What is tES? People Are Zapping Their Brains to Be More Creative

Art Class
Young children work on a paint project. People are using transcranial electrical stimulation (tES) devices to enhance creativity—but the supervision of a doctor is emphasized and modifying the device is to be avoided. CHRIS HONDROS/GETTY IMAGES

People are using transcranial electrical stimulation devices to enhance creativity—even without the supervision of a doctor.

Researchers at Georgetown University studied the at-home use of these devices and what it could mean for the future of the technology. Published Tuesday in Creativity Research Journal, the study explained there could be concerns with at-home use, especially with children.

Transcranial electrical stimulation, or tES, is when low-voltage constant or alternating currents of electricity are sent to the brain through electrodes on the scalp, according to a 2017 study published in Cell Biology. The currents are supposed to interact with neural processing, synchronize brain networks and modify plasticity in the brain. Because of this, the technology could change behavior and treat a number of conditions.

"It's a technology that's relatively new but also increasing in interest, popularity and use," James Giordano, professor in the departments of neurology and biochemistry and chief of the neuroethics studies program at Georgetown University Medical Center, told Newsweek. Giordano is the study's senior author. "At present, it is being used in certain clinical applications, like the treatment of anxiety disorders, attention deficit disorders. It's being used for neurological reconditioning after stroke; it's also being used to treat certain forms of depression and certain forms of chronic pain." Performance on specific tasks could also be improved with tES.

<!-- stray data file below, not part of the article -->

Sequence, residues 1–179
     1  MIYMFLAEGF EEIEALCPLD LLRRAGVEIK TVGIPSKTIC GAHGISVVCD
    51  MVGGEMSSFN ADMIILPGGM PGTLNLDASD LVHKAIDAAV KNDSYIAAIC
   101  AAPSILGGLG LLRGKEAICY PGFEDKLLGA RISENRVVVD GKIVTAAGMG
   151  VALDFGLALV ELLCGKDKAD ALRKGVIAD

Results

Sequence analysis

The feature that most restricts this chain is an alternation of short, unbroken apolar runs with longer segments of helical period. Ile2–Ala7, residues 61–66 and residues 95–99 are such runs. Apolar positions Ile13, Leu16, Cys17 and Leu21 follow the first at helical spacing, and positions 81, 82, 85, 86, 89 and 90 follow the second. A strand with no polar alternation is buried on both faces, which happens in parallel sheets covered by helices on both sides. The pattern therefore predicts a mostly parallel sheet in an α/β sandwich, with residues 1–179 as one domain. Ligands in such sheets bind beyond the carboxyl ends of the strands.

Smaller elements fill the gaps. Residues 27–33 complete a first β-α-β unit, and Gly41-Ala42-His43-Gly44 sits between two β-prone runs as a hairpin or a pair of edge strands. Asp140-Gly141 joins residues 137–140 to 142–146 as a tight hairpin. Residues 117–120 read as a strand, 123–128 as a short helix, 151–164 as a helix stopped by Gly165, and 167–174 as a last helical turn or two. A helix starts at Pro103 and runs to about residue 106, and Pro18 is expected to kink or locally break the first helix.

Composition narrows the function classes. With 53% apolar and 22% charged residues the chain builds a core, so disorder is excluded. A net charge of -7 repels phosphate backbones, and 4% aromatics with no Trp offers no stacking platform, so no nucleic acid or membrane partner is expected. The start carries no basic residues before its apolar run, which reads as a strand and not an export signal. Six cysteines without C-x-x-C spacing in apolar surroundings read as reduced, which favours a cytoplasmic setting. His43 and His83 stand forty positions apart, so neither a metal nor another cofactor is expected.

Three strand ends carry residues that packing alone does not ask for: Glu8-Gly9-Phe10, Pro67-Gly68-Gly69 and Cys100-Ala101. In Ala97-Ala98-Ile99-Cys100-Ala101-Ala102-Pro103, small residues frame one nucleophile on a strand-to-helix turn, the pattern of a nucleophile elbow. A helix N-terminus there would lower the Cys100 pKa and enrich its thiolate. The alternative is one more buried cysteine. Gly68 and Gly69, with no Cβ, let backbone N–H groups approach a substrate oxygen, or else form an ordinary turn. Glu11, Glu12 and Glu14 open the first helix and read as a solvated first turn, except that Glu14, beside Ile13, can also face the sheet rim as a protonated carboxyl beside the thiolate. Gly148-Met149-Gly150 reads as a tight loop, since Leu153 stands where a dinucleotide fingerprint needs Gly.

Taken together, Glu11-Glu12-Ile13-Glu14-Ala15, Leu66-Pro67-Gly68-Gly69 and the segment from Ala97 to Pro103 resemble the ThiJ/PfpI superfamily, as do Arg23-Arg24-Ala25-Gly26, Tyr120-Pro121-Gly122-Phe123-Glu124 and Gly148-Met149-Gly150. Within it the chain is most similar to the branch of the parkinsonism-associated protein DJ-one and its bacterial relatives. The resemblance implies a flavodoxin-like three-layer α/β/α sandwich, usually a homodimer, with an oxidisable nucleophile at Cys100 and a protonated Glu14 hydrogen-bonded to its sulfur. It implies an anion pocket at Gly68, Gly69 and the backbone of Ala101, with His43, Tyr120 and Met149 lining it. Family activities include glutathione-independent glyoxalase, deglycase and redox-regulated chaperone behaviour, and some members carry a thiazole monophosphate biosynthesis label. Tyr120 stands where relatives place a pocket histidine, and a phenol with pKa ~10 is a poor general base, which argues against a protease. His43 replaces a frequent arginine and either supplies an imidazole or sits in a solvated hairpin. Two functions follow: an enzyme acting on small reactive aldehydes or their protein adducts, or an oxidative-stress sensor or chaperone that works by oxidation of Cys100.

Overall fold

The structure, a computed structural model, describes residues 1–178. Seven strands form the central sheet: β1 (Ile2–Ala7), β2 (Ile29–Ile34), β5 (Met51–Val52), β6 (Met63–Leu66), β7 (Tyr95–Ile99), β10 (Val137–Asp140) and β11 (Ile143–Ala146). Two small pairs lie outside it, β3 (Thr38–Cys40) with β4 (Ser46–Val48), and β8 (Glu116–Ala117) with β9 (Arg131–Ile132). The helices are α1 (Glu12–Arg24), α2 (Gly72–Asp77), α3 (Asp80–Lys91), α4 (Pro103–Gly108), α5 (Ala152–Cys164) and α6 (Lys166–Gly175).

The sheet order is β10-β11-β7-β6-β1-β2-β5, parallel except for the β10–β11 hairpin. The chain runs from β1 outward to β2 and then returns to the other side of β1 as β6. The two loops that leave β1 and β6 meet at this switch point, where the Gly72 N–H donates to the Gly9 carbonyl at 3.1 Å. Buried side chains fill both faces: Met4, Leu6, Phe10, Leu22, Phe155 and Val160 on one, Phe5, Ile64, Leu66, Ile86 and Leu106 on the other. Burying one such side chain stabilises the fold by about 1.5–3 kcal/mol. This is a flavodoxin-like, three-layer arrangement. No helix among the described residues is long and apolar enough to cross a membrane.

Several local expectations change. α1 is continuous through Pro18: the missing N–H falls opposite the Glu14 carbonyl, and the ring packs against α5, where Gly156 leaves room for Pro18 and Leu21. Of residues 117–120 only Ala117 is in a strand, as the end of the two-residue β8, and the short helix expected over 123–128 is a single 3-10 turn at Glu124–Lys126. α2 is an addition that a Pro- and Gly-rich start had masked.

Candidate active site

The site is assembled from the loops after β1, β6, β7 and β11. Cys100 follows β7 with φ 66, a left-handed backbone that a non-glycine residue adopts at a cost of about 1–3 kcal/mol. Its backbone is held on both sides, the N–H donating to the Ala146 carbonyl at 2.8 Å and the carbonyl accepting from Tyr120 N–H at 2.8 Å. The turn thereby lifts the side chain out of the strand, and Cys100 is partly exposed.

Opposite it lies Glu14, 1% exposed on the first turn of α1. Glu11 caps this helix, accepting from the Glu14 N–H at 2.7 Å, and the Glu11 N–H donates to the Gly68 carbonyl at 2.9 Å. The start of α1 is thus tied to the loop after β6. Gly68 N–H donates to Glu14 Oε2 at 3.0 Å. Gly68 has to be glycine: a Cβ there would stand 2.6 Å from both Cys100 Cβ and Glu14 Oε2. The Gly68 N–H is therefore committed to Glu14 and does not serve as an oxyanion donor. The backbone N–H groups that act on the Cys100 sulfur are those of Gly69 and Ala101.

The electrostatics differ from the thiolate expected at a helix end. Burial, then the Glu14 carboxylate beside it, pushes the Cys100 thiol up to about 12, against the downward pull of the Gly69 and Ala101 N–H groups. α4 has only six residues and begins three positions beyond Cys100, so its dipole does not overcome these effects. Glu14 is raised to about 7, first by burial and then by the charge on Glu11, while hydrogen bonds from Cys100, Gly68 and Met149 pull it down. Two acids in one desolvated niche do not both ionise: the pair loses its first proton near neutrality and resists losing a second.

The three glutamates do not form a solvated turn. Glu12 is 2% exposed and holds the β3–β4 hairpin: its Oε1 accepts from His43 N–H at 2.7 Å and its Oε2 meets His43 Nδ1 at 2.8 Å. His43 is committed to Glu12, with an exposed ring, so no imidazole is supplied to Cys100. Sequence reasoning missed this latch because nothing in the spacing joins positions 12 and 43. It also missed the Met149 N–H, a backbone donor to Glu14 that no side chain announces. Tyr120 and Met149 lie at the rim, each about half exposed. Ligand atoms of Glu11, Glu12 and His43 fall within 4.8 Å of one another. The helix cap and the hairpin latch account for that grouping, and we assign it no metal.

Giordano has in the past conducted research to determine if the technology could help bolster creativity and found that it could. Even though creativity is hard to measure, scientists were able to use neuroimaging to identify increased creativity in the brain. However, the direct-to-consumer models, which someone could buy online, even on Amazon, are not at the same voltage levels as the models that a physician would use with a patient or Giordano would use in the lab.

"Transcranial electrical stimulation is very safe at all delivery doses that are characteristically used in clinical practice," Giordano said. "Where it can become problematic is if these devices are misused. They're not being used appropriately if the devices are modified so as to change the dose symmetry."

Giordano warns against people using them around water, such as in the tub or shower, and against using them for extended periods of time, such as when they're sleeping. Some people have used more than one device at a time in the direct-to-consumer market or people have built their own devices incorrectly and as a result, developed electrical burns.

The use of the devices with children, whose brains are still developing, is where Giordano remained the most concerned. He explained the device should only be used under the supervision of a physician when children are involved. "Parents have good intentions, but I think very often good intentions fall victim to something that could be called microwave mentality," Giordano said. "This is not going to produce immediate results, nor do we recognize it as more is better. In this particular case, a little is very good, more is not necessarily going to be better."